Neil Clark (above) writes at RT:
For the truth is the ‘I’ word is the elephant in the room in contemporary discourse. We’re not supposed to acknowledge its existence. Imperialism, according to the dominant Establishment narrative, ended when the European empires gave their colonies independence in the 1950s and 60s. In fact, the ‘old’ imperialism was only replaced by a new variant which is even more destructive, and certainly more dishonest. At least the British Empire admitted it was an empire.
Today’s US-led neoliberal empire, which has Britain as its junior partner, does no such thing. Entire countries have been destroyed, with millions killed, and it’s been done under a ‘progressive’ banner trumpeting concern for ‘human rights’ and ‘enhancing freedoms.’
In an electrifying address, Wight lambasted the pro-imperial propaganda to which we are relentlessly subjected to in the West. How absurd is it, he asked, that NATO troops are on Russia’s borders, while Russian troops have been fighting in Syria the same ISIS/Al-Qaeda terrorist groups who have been killing British citizens back home? Citing Marx, Wight reminded the audience of how the ideas of the ruling class become the dominant ideas, and the demonization of Russia is a classic example of this. Ordinary Britons don’t regard Putin as a ‘threat’ as they go about their daily business, but they do – rightly – regard the terrorist groups that Russia has been fighting as a danger to them. But the ruling class hate Russia because it has thwarted its imperial ambitions.
Wight said that opponents of imperialism should never go on the back foot when confronted by supporters of criminal wars of aggression, such as the Iraq War – which has led to the deaths of around 1 million people and the rise of ISIS. He mentioned that these people hate the fact that there are now alternative media channels such as RT which challenge the dominant neocon/neoliberal narrative.
“Alternative media and those who go on it are under attack because they have the temerity to ask the most subversive question in the English language which is: Why? Why did we go to war in Iraq? Why are there sanctions on Cuba? Why are we going after Iran but are close friends with the Saudis? This question is so powerful. We are attacked because we ask the question, why? I am reminded of the African proverb that until lions have their own historians, tales of the hunt will always glorify the hunter. Now with the alternative media, the lions have their historians. We can put the case for the Syrian people; we can put the case for the Venezuelan people; we can put the case why Russia should not be our enemy.”
[. . .]
In my address, I stressed how important it was to see the US-led attacks, interventions and destabilization campaigns against sovereign states of the past 20 years as part of the same war, one waged for total global domination. Independent, resource-rich countries usually with socialist/socialistic governments and economies which weren’t controlled by global corporations, have been targeted, one-by-one. In each case, the leaders of the countries concerned were relentlessly demonized. They were called dictators, even though in the case of Hugo Chavez and Slobodan Milosevic they had won numerous democratic elections and operated in countries where opposition parties freely operated.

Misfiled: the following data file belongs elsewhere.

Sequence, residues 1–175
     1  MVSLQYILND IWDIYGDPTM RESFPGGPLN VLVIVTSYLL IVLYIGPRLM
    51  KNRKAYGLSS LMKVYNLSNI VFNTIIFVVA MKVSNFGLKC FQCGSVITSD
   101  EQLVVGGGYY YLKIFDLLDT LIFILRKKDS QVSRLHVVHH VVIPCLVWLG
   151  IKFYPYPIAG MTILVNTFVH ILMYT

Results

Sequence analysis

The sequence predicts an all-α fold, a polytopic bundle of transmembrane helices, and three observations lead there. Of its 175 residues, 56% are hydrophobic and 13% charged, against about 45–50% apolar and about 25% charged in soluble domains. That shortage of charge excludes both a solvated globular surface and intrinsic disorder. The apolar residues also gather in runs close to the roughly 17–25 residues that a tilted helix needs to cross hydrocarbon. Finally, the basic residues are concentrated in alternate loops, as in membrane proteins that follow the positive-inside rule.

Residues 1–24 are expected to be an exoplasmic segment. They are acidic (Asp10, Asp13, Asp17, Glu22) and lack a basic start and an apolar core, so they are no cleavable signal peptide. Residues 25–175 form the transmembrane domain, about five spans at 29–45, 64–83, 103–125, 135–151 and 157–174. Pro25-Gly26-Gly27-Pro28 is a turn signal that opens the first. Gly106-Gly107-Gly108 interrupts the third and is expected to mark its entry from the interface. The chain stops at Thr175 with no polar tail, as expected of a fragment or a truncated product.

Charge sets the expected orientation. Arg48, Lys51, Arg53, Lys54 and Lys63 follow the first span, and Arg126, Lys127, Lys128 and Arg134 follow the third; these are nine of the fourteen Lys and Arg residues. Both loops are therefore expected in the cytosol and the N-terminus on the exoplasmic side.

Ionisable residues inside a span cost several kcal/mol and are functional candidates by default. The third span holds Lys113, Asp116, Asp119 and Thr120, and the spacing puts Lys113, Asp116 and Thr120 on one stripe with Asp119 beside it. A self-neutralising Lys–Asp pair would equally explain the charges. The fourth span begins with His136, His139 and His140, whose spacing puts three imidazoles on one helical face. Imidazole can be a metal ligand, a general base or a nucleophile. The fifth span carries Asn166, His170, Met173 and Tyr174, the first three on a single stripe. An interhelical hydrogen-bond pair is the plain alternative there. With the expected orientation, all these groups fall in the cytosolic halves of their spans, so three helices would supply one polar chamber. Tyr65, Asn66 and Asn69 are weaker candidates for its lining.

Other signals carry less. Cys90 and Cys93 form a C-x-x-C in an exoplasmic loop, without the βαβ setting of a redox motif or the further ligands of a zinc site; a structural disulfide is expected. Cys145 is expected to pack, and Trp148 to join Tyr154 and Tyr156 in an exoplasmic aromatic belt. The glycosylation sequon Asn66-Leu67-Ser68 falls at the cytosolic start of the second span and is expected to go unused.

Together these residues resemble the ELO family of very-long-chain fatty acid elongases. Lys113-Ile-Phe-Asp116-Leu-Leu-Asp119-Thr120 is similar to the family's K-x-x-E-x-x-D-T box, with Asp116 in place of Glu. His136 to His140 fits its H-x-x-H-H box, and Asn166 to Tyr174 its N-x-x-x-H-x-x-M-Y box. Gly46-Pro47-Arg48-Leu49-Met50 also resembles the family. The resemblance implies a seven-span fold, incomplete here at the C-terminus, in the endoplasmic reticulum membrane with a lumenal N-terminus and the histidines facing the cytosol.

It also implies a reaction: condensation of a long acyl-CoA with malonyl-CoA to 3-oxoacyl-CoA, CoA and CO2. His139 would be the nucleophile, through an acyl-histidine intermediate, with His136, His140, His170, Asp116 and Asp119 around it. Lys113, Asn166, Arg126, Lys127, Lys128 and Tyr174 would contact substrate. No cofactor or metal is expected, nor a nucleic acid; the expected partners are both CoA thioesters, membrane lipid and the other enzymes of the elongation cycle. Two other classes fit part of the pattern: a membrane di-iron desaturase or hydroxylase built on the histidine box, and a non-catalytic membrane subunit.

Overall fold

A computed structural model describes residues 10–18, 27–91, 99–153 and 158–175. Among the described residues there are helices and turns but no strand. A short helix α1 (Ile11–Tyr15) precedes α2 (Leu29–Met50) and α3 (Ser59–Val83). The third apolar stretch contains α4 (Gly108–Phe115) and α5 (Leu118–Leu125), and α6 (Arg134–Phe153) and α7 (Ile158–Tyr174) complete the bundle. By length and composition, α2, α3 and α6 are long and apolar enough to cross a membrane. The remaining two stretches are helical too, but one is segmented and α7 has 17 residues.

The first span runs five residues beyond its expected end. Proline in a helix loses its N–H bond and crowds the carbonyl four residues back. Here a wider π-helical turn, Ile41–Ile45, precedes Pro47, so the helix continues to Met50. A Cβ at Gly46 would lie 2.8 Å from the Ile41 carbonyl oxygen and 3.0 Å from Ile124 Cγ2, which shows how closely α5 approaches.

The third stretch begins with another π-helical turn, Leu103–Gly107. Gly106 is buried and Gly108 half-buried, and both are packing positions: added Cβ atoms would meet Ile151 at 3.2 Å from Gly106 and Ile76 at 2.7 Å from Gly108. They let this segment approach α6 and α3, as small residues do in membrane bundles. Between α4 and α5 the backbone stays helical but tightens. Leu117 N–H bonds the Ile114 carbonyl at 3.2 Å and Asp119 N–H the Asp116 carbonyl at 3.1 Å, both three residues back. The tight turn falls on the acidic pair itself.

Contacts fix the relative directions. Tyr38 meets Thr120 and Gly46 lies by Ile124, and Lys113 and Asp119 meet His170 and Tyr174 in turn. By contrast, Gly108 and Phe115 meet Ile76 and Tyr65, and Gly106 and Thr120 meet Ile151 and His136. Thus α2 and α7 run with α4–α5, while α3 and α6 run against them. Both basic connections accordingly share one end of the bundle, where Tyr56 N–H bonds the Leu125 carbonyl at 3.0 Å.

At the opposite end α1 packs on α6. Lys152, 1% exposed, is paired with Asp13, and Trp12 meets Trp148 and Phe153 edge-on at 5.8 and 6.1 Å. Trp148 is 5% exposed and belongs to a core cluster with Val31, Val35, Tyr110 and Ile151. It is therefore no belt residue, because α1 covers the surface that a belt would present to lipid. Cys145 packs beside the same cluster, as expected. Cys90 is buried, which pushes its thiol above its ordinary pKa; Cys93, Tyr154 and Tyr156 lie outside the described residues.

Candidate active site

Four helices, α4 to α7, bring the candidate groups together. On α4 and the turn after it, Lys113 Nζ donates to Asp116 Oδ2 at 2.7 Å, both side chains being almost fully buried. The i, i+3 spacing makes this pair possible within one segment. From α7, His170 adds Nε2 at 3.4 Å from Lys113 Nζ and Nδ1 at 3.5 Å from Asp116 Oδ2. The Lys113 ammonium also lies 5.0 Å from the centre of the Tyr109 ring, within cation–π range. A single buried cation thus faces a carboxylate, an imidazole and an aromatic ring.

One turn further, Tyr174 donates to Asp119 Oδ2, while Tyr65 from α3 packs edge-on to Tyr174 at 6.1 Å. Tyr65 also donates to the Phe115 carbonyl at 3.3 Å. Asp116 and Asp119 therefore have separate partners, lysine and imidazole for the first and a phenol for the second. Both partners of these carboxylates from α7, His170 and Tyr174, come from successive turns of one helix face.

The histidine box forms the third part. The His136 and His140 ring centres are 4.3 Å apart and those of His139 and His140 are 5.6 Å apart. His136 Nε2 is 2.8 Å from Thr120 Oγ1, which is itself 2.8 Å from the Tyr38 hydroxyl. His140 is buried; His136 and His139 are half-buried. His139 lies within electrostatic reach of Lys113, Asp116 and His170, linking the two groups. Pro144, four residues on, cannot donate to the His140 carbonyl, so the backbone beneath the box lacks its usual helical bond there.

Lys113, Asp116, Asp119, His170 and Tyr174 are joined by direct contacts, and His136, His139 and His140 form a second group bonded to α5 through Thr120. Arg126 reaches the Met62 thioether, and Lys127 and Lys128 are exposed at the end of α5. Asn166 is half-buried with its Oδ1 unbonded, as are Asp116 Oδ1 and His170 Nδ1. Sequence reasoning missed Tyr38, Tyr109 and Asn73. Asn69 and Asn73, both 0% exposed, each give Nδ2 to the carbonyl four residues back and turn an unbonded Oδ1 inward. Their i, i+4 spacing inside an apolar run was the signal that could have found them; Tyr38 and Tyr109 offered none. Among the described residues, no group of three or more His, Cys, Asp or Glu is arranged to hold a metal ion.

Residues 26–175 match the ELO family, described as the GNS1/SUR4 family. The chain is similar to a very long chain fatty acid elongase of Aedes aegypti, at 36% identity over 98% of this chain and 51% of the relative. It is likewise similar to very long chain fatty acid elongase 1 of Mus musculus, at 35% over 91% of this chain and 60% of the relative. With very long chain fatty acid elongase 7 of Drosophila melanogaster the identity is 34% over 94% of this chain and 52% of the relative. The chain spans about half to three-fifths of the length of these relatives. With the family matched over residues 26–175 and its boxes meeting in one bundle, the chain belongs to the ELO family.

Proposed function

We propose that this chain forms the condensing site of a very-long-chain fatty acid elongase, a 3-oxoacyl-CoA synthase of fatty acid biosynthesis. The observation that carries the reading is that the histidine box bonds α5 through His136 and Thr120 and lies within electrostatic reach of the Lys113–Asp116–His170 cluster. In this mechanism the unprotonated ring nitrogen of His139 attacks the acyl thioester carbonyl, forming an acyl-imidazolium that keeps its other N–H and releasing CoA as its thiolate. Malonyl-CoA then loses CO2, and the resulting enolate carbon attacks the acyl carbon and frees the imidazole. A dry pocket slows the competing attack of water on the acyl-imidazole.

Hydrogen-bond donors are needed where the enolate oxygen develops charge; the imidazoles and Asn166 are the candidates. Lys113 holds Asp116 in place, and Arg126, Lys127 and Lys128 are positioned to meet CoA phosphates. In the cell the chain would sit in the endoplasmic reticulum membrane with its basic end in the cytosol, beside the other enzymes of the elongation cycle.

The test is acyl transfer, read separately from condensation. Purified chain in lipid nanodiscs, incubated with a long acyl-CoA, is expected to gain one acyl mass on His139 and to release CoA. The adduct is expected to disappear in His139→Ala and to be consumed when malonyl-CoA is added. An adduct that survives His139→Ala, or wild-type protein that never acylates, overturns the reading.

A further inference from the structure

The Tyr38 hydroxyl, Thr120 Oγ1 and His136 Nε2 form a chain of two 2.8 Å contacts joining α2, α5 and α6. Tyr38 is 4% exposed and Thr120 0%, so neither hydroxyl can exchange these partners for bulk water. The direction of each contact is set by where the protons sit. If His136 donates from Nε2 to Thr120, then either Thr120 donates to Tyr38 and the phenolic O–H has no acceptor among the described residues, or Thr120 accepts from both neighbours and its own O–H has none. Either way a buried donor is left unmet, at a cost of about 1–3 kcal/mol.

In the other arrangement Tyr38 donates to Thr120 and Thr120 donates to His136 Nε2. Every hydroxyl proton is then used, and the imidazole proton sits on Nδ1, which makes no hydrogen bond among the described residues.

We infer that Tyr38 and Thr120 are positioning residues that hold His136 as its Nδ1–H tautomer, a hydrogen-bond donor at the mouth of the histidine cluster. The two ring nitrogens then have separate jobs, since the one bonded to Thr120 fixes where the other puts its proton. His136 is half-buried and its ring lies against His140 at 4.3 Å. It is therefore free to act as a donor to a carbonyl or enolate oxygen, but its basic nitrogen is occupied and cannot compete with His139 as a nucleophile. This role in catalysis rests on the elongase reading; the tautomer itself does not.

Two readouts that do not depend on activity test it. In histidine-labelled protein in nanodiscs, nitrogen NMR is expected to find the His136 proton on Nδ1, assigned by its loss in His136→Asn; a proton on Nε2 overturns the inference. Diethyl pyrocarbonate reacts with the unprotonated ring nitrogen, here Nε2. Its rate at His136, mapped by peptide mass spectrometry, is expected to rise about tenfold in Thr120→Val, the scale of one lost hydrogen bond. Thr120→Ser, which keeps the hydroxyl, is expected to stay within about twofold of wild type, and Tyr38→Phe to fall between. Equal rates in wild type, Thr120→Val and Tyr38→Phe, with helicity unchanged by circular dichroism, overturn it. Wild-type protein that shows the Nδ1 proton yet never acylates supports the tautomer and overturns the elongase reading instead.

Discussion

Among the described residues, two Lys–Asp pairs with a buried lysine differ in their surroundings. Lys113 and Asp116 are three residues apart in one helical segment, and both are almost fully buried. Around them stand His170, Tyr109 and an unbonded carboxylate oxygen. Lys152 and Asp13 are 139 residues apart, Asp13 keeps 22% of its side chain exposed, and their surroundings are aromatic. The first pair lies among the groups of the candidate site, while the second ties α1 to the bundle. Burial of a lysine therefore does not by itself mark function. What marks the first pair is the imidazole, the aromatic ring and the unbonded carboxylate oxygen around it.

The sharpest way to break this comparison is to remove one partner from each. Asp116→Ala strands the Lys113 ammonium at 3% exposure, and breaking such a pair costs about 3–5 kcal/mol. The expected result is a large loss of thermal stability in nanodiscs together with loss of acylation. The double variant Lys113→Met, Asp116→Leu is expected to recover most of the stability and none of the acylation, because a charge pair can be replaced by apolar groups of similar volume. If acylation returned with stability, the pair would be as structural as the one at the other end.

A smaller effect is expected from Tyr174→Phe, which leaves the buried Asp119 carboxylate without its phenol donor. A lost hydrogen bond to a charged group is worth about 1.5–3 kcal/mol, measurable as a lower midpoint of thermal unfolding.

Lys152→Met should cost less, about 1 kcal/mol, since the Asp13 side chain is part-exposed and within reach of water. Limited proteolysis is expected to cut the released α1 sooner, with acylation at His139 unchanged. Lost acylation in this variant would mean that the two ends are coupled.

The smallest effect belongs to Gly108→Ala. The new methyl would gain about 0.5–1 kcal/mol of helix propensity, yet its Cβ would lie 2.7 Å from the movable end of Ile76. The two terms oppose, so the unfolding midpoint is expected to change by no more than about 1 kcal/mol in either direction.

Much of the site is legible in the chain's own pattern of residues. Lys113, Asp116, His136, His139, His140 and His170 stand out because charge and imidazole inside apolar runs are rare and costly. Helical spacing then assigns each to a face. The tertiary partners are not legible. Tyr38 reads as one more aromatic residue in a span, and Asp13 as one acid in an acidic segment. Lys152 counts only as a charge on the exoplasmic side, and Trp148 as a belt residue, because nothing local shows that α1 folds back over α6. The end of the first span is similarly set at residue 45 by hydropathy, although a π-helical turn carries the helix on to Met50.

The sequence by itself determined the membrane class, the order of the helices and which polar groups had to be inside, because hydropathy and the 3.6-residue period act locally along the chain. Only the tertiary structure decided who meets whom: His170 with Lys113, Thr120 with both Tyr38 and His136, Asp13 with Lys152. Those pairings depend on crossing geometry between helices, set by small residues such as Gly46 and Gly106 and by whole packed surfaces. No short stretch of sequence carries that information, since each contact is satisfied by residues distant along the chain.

The ‘target states’ were subject to draconian sanctions which created economic hardship and a ‘pressure cooker’ environment, which usually resulted in street protests against the government, egged on by the US. The governments were then told ‘the world is watching you’ and ordered not to respond, even when violence was used by protestors. The same strategy was deployed in Yugoslavia in 2000, Ukraine in 2014, and Venezuela in 2017. In Afghanistan and Iraq, we had a full-scale invasion (based on the ‘fake news’ that Saddam possessed WMDs) and in Libya (and Yugoslavia) a NATO bombing campaign.
There has been endless war for the past twenty years and it won’t end until we understand what’s been going on and demand a new foreign policy in place of the current racist one which holds that the US and its closest allies have the right to say who should or shouldn’t be in charge of other countries, but denies the same rights to the ‘inferior’ countries targeted.
And the Iraq War continues.
THE DAYTONA BEACH NEWS JOURNAL notes, "In operations related to Iraq, a total of 4,534 members of the U.S. military have died. Another 32,310 U.S. service personnel have been wounded in action."
And it continues.
KURDISTAN 24 reports:
During January, 115 civilians were killed and 250 more injured due to violence, terrorism, and armed conflict in Iraq, the United Nations Assistance Mission for Iraq (UNAMI) stated on Thursday.
According to the UNAMI statement, the Iraqi capital of Baghdad was the most affected province due to violence and terror attacks during January, with 323 casualties of which 90 were killed, and 233 wounded.
Wow. The month of January began with Patrick Cockburn giving us "good news" about Baghdad, violence was down, blah blah blah . . .
The month ended with Baghdad seeing the most violence.
Maybe things would be more accurate if so-called reporters would be less eager to impart "good news" and more concerned with reality?
The following community sites -- plus Jody Watley, Cindy Sheehan and the ACLU -- updated: